Astronauts watch Sandy from 400 km up
Space station commander watches storm bear down on parents' home
As formidable as post tropical storm Sandy was for the people of New York, New Jersey, and the areas to the north hit by winds and rain, it was enormous when seen from space.
U.S. astronaut Sunita Williams, commander of the International Space Station, had a special interest as she watched from about 400 kilometres above the Earth. Her parents live in Falmouth, Mass., giving her a unique perspective.
Seen from space, Sandy moved up the coast and spread swirling clouds almost as far west as Chicago and well into Canada, over Toronto and Montreal.
Williams told The Associated Press in an interview today that she and her fellow crewmembers were able to make out the big swirl at the centre of Sandy as it neared land Monday.
"It's pretty huge," Williams said. "I hope everybody down there is safe and sound."
Williams is scheduled to leave the ISS on Nov. 19.
Before then, the six space station residents — two Americans, three Russians and one Japanese — expect to get a special Halloween visitor: a Russian supply ship is scheduled to blast off from Kazakhstan Wednesday morning and, in an unusually short transit, arrive at the orbiting lab several hours later.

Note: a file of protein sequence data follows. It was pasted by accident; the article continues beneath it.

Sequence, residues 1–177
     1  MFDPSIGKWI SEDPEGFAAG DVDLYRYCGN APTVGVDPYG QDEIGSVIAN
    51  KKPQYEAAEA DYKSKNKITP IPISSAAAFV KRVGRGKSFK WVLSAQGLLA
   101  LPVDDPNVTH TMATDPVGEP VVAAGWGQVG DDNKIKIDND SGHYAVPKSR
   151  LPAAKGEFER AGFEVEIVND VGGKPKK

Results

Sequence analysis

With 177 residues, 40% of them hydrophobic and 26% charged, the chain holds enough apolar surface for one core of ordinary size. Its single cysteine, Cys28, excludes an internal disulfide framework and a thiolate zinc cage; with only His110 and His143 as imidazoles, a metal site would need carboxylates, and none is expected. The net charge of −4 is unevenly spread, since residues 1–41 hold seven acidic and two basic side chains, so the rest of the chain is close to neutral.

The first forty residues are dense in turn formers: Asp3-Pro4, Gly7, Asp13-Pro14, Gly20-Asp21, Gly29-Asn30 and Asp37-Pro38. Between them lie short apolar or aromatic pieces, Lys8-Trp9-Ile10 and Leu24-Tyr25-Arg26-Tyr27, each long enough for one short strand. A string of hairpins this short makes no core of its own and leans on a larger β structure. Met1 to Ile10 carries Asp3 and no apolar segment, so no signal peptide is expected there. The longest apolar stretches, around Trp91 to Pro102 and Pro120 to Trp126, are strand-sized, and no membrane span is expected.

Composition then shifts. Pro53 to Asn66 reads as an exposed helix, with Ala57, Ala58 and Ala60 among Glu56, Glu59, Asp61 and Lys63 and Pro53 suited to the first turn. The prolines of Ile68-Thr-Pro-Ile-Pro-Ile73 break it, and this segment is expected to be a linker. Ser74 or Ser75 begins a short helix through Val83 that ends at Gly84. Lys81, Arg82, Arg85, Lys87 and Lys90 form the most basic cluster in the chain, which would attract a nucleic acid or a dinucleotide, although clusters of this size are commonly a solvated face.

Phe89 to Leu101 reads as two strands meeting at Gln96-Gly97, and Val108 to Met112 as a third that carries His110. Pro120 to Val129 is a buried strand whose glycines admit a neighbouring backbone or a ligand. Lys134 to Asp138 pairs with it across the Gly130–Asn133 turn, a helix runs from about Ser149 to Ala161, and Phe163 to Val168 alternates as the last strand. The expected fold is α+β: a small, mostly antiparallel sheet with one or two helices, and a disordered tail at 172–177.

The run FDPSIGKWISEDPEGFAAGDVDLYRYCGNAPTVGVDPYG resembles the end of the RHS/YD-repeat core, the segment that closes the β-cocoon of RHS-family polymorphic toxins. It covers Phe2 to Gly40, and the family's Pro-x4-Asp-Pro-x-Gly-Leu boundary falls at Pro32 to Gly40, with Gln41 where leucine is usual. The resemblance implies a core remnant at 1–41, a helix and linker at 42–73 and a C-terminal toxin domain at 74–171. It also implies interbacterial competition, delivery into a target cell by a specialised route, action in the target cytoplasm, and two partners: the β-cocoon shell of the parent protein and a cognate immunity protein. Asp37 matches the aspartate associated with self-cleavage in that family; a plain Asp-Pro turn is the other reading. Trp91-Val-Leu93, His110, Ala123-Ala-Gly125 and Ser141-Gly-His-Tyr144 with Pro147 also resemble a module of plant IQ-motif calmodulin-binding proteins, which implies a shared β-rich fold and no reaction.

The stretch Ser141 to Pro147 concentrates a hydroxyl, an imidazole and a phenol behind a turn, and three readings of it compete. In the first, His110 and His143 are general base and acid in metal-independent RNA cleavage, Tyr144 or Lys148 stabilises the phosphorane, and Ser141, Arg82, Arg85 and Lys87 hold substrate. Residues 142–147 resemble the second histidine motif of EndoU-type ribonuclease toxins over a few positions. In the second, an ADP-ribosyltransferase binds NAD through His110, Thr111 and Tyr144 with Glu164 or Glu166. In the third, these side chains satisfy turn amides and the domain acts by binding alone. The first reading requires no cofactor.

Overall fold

"Hopefully, they'll be bringing lots of treats," Williams told the AP.
She's challenged her crewmates to scrounge up costumes. Even her stuffed toy dog on board will dress up — as Dracula. The toy is a smaller version of her real Jack Russell terrier back home, Gorby.
On Thursday, Williams,47, will continue her streak as the world's most experienced spacewalking woman. She and a crewmate will venture out on a spacewalk to find and repair an ammonia coolant leak.
Williams holds the record for the longest time spent in space by a woman — 195 days, not counting her current mission which began with her blastoff from Russia's Baikonur Cosmodrome on July 15 and arrival at the ISS on July 17.
With files from The Associated Press